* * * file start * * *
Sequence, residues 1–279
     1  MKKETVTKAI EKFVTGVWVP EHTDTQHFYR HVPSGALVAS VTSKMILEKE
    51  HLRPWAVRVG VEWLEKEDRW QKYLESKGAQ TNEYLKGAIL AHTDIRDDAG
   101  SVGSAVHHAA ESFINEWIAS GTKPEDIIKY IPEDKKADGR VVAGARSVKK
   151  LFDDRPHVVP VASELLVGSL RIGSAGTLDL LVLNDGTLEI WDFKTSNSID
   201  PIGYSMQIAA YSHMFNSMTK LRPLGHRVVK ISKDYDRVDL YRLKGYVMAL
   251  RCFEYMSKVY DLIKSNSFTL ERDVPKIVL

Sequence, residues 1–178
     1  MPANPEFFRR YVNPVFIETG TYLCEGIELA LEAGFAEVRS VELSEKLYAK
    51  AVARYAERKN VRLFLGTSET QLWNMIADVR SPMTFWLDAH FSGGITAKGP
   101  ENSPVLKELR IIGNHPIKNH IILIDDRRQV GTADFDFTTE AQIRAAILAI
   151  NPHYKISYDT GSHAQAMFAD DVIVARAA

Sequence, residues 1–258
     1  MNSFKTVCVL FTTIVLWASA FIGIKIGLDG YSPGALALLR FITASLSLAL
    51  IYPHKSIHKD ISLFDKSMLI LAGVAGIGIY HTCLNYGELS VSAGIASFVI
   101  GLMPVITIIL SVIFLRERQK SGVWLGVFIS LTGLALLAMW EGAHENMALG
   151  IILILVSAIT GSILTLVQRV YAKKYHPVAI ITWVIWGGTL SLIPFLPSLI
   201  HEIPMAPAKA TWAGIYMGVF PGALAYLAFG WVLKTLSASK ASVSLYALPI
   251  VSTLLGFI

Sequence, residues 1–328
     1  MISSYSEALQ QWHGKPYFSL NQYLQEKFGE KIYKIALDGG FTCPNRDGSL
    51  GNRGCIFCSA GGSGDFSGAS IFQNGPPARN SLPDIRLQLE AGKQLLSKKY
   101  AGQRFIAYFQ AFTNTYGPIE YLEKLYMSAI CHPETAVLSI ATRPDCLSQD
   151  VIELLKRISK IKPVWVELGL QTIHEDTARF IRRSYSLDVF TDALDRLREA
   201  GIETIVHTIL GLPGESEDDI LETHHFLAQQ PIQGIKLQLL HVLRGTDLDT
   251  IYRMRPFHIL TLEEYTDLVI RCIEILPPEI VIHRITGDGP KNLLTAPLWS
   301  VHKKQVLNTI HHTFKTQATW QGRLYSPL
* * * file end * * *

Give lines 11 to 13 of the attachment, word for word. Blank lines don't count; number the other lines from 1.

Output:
   101  ENSPVLKELR IIGNHPIKNH IILIDDRRQV GTADFDFTTE AQIRAAILAI
   151  NPHYKISYDT GSHAQAMFAD DVIVARAA

Sequence, residues 1–258